Small library tax, big returns
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Much as I lamented the disappearance of the last bookstores in my neighborhood, the closed doors turned into one of those open-window kind of things.
They propelled me back to the Carnegie library.
Not that I didn't like the library before; I'd simply gotten out of the habit of using it. Barnes & Noble was right there on the main drag, luring me away with its window displays and evening hours.
Then it left me in the lurch, as did the Borders in East Liberty.
So now I visit the library faithfully to borrow at no charge the books I would have bought for $10 to $35 a pop -- and to find the ones that the book stores never seemed to have. Plus, sooner or later, those books go back to the source, which helps control a major source of clutter in my house. Even when I miss the due date, I compare the fine of 25 cents a day to a parking ticket at an expired meter, and it almost seems that the library is paying me for being late.
For these and other reasons, it's an obvious choice to vote "yes" on Tuesday's referendum to fund the library system with a small property tax hike. For an extra 0.25 mills -- $25 per year for every $100,000 in assessed value -- I'd still come out way ahead in the bargain. Meanwhile, the library would get a stable funding source, $3.25 million annually for maintaining and operating its 20 branches.
I realize, of course, that not everyone feels this way, so let's look at the arguments for voting "no."
First and foremost, it's a tax hike, period. For those who oppose any tax for any purpose as a matter of principle, that's reason enough to reject it.
Such principles, however, did not construct this country's public assets -- roads, bridges, schools, courts (imperfect as they may be) -- and they won't maintain or improve them.
When that old robber baron Andrew Carnegie decided to plow his ill-gotten gains into building this library system "for the people," he had to have believed we would realize its value and support it in the years to come.
This we have done with private and public funds. But state and local budgets keep shrinking while the library's costs keep rising -- and not because of excessive CEO compensation or $750,000 signs atop Downtown skyscrapers.
Stately old buildings are expensive to heat, cool, modernize and maintain. The information age has necessitated more and more computers, e-readers and other technology, all of it essential for people who don't have it at home, especially children whose future depends on multi-platform literacy.
The library leadership has done a fine job of raising capital funds and using them to their best advantage. The result is a growing list of library redesigns, each one a jewel of form and function.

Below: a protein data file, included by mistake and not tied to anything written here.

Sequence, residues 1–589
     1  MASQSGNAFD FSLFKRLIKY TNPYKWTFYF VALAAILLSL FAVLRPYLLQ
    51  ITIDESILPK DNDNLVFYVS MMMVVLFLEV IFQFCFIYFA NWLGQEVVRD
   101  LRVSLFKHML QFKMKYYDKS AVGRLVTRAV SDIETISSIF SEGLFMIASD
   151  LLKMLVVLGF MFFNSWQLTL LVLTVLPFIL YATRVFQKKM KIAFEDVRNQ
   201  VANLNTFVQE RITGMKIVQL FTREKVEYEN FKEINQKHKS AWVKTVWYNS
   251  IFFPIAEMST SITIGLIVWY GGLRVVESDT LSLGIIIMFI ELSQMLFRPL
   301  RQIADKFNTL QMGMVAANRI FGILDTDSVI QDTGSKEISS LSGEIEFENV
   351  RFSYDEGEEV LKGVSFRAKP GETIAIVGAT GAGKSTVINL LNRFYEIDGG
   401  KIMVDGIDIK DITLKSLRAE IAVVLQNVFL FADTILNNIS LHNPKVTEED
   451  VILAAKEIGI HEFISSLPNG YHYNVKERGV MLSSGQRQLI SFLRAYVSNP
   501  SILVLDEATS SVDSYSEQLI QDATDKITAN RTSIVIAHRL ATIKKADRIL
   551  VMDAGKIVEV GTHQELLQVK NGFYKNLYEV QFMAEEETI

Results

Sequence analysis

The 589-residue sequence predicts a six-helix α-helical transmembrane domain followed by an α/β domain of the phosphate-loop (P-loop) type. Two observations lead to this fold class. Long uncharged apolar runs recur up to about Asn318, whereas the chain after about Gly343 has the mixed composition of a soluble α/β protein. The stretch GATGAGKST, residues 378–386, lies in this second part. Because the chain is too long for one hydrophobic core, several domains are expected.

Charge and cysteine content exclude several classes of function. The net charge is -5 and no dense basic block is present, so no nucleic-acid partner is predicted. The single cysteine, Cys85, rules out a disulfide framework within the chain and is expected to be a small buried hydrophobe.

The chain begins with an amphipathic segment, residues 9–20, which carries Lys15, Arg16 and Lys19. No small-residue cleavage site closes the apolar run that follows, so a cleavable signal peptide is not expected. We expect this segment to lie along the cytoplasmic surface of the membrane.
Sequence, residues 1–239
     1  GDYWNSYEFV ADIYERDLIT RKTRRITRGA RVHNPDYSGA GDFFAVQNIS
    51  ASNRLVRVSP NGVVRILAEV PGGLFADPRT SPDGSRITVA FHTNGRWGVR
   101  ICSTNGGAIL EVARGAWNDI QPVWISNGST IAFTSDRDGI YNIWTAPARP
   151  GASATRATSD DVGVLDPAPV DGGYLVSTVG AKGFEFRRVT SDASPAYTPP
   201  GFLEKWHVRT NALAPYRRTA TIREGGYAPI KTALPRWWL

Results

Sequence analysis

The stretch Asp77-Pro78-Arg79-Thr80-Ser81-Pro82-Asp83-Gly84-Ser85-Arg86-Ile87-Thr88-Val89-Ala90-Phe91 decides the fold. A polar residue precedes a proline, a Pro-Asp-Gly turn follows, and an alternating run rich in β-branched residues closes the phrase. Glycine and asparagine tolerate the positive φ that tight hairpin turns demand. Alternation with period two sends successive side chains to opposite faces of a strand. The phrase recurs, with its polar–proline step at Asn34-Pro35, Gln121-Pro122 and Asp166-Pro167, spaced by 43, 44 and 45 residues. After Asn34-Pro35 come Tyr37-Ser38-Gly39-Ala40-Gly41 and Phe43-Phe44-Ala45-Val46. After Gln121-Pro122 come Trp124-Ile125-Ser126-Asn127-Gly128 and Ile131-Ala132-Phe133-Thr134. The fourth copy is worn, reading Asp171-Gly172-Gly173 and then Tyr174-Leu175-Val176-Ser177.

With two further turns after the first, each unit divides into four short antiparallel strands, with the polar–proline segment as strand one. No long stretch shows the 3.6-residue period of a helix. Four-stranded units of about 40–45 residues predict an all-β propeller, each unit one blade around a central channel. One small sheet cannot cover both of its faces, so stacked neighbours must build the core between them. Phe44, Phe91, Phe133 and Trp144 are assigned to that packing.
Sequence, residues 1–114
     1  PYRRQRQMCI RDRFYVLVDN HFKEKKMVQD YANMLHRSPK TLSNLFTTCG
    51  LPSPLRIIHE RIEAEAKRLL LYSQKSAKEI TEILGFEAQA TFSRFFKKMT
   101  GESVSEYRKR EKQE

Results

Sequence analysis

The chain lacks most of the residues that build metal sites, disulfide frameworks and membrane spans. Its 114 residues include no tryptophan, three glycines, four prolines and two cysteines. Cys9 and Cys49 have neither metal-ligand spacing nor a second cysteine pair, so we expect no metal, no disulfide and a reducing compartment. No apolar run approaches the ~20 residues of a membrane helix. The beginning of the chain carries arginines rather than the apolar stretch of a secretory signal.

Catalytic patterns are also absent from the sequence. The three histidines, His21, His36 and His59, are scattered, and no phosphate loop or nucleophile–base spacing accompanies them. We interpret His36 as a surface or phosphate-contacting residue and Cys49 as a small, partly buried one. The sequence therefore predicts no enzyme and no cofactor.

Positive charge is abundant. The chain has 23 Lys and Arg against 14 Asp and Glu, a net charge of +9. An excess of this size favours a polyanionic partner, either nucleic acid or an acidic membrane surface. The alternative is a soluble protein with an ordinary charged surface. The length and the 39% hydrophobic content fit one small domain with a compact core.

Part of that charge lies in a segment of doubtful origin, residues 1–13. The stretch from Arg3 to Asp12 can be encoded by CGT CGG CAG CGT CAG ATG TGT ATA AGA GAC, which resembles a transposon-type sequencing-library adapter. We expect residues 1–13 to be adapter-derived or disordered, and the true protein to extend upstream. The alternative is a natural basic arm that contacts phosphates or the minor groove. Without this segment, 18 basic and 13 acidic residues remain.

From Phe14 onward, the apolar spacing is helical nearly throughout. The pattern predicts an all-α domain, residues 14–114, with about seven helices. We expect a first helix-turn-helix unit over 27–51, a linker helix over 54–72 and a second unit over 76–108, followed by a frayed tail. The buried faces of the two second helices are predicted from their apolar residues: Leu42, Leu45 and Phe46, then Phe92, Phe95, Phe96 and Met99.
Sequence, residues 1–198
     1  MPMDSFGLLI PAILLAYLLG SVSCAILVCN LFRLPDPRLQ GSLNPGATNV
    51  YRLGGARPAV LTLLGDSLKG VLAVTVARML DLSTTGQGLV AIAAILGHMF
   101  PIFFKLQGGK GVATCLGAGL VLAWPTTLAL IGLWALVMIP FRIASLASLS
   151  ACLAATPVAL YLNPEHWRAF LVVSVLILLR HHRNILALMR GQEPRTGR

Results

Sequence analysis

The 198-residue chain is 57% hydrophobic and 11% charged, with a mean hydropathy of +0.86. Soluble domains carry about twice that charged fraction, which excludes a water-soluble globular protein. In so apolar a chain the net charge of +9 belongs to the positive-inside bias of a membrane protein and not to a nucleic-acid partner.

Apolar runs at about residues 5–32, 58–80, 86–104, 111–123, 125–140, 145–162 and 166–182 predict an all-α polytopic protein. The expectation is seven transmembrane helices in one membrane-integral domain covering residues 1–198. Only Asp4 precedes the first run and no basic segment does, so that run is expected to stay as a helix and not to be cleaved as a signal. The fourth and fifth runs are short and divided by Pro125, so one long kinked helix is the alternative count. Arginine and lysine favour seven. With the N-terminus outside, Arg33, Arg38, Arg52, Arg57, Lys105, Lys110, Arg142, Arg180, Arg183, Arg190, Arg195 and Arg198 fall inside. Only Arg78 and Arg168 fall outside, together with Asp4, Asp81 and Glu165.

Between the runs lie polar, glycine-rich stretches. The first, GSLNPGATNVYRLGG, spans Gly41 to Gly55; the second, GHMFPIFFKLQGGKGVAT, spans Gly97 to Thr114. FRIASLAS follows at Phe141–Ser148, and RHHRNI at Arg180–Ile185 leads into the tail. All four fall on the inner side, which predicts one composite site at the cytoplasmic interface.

I'm not going to reiterate the many other goods and services that the library provides, except to say that they don't come free, and the benefits to our local civilization outweigh the costs many times over.
That probably won't convince ardent anti-taxers to vote "yes," but it ought to be enough for the rest of us who know a good deal when we see it, and also believe in that thing called "the common good."
Another objection to the levy is that Allegheny County already has an extra 1 percent sales tax to support the Regional Asset District, enacted in 1995 to fund a long list of recipients, from small arts groups to libraries, parks, the symphony and stadiums.
RAD distributions are not decided directly by elected officials, but indirectly by their appointees -- two of the mayor's and four of the county executive's. Those six elect a seventh board member, and together they appoint an advisory committee of 27.
The RAD tax raises significant money, but it is spread among many organizations. So, while the library gets 70 percent of its funding from RAD, it still has to compete with others. And even as that funding rose, inflation cut its value.
RAD money also fluctuates with the economy. In 2009, the board withheld 10 percent of every grant due to the slump in sales tax receipts. The library had to cut its hours. That same year, its circulation was up 29 percent over the previous seven years, visits were up 27 percent and program attendance more than doubled.
Another sticking point with the proposed tax is that it applies only to city property owners, an unfair burden when people in the suburbs use these libraries too.
That may be true, but some of those suburbs support their own libraries, many of which participate in the interlibrary loan system that allows books to migrate to libraries throughout the region.
Rejecting this small levy because it should have been more widespread would be like rejecting a diphtheria vaccination because it doesn't cover measles. The money won't do everything, but it will do something, and that something is well worth doing.
We have a chance on Tuesday to take this issue into our own hands and act on it instead of waiting around for someone else to do it. In two recent polls, the library had a 90 percent job approval rating among local residents. It's not asking for anything it hasn't earned.
First Published November 6, 2011 12:00 am